"Young people, hold your trust as a treasure. Evil was lurking for Savannah, and you never know what wolves are lurking."
-Lisa Thoma, Savannah's aunt
It was the 3rd of January 2019. A Thursday. Twenty two year old Savannah Spurlock made plans to go out that night with friends. Just one month earlier, she gave birth to twin boys and it was her first night out in months. She had two other boys who were four and two years old at the time.
Savannah lived with her mother, Ellen Spurlock, in Lexington, Kentucky, United States and Ellen agreed to look after the boys while Savannah went out. Ellen was happy that Savannah was going out with friends as she thought she needed a little break.
Savannah drove Ellen's car that night. She made arrangements to meet up with two friends. She drove with one of her friends to the other friend's house and Savannah left Ellen's car there and they got into her friend's car and drove to The Other Bar in Lexington.
One of Savannah's friends left early and Savannah stayed at the bar with the other friend but they later had an argument and her friend went home. Savannah left the bar around 2.30am. She FaceTimed Ellen shortly afterwards and told her she would be back later that morning. Ellen went to sleep after that call. When she woke up, she discovered that Savannah was still not home.
Ellen was worried as Savannah very rarely went out and she did not believe she would leave her boys behind for such a long period. She called her but her phone had either been switched off or the battery had run out. Ellen reported her missing later that day.
Police spoke to Savannah's friends and obtained surveillance footage from the bar in Lexington. Savannah was seen leaving the bar with three men. Her friends didn't believe that she knew any of the men she left with. They had never seen them before. Ellen told police that when her daughter FaceTimed her, she seemed fine and certainly wasn't worried. When she called her, Savannah was in a car and Ellen noticed a man was driving the car. She did not recognize him. She said that there were one or two people in the back of the car but she couldn't really see them. She couldn't hear a lot either as they were "hollering and talking over each other."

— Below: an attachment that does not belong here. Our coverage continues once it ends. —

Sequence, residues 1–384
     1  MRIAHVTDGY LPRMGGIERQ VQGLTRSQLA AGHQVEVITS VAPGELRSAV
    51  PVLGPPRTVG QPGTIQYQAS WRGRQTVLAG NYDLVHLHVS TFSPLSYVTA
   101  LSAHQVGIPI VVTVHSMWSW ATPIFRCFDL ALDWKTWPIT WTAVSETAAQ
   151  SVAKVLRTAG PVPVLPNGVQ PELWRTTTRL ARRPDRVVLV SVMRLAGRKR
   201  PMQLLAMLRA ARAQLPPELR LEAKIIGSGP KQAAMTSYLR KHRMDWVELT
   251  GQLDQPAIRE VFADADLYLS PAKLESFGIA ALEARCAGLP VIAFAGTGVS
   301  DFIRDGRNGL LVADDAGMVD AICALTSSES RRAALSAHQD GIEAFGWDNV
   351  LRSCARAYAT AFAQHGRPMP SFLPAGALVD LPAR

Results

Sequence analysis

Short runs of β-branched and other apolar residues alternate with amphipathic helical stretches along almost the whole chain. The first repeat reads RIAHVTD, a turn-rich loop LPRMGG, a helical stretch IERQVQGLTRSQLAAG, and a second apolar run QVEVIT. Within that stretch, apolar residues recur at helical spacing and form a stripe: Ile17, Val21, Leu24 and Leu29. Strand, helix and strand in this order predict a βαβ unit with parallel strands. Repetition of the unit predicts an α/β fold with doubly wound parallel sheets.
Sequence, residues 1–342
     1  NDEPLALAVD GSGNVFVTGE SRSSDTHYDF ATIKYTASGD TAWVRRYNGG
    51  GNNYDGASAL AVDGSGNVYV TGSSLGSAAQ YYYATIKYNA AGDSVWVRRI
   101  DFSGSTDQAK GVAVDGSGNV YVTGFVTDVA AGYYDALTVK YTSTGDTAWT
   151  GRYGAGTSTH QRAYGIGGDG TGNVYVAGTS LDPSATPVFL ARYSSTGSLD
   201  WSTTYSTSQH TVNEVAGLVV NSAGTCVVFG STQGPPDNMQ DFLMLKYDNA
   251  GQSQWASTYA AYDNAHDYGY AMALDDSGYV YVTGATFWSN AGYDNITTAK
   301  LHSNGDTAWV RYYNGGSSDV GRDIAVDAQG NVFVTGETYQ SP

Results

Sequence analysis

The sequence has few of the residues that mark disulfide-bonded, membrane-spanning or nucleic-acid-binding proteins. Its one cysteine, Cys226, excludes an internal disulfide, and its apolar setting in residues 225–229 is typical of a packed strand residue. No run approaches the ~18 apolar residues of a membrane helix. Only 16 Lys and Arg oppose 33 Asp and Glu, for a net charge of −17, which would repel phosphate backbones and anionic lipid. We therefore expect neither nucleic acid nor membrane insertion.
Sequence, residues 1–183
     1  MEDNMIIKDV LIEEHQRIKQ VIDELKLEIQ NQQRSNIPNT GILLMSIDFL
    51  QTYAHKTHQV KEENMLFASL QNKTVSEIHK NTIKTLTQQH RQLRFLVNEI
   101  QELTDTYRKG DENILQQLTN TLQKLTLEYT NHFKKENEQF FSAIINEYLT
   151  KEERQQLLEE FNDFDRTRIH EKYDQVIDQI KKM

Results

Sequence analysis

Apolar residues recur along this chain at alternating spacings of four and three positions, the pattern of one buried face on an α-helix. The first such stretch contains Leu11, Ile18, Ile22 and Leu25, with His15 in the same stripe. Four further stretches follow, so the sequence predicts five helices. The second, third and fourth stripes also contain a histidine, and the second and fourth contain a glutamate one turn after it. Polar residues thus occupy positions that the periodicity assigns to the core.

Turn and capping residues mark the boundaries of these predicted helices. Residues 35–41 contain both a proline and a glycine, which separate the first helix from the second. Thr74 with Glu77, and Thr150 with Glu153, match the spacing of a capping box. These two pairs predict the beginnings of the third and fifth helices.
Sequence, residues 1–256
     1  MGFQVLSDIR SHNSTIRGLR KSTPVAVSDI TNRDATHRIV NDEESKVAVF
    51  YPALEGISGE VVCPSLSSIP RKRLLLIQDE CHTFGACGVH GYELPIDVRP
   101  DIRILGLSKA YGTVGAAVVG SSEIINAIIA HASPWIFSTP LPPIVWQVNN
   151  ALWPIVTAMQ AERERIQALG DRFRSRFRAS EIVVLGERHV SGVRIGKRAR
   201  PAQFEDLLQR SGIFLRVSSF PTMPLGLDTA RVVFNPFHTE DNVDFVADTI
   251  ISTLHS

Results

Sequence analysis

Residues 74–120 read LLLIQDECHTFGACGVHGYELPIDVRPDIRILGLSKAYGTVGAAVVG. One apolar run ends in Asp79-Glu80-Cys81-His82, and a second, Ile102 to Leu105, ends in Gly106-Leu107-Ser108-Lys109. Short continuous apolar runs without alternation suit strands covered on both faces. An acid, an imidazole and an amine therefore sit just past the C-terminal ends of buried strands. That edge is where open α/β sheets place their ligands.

When asked if Savannah seemed upset, Ellen said that she did not and nothing seemed out of the ordinary. Savannah told her that she was okay and:
"I will be home later this morning. I promise."
Police began looking for the men seen on the footage with Savannah and they identified them and the car Savannah was in. The discovered that Savannah didn't know them but the three men knew each other. They were friends. Police believed that two of the men were in the car with Savannah and one followed them in another car.
Police established a timeline. After Savannah left the bar with the three men, they traveled to a home owned by one of the men Savannah left the bar with. His name was David Sparks and at that time, he was twenty three years old. They went from Lexington to Garrard County, which was around 40 miles away. Police had to establish what happened when they reached Garrard County and whether Savannah was still there or if she left.
Police questioned David and the two other men.
David admitted that the three of them left the bar with Savannah that night. He told police that the four of them went back to Garrard County and at some point, the two other men left. He told police that he slept on the couch so that Savannah could sleep in his bed. He recalled Savannah waking up at some stage, he didn't know what time it was, and she asked for the address. He gave it to her and went back to sleep. When he woke later that morning, at noon, she was gone. He thought she may have contacted someone to give them the address so she could get a ride home.
Police got a search warrant to search his parents' farm in Garrard County but there was no sign of Savannah. None of the men were arrested or charged with anything.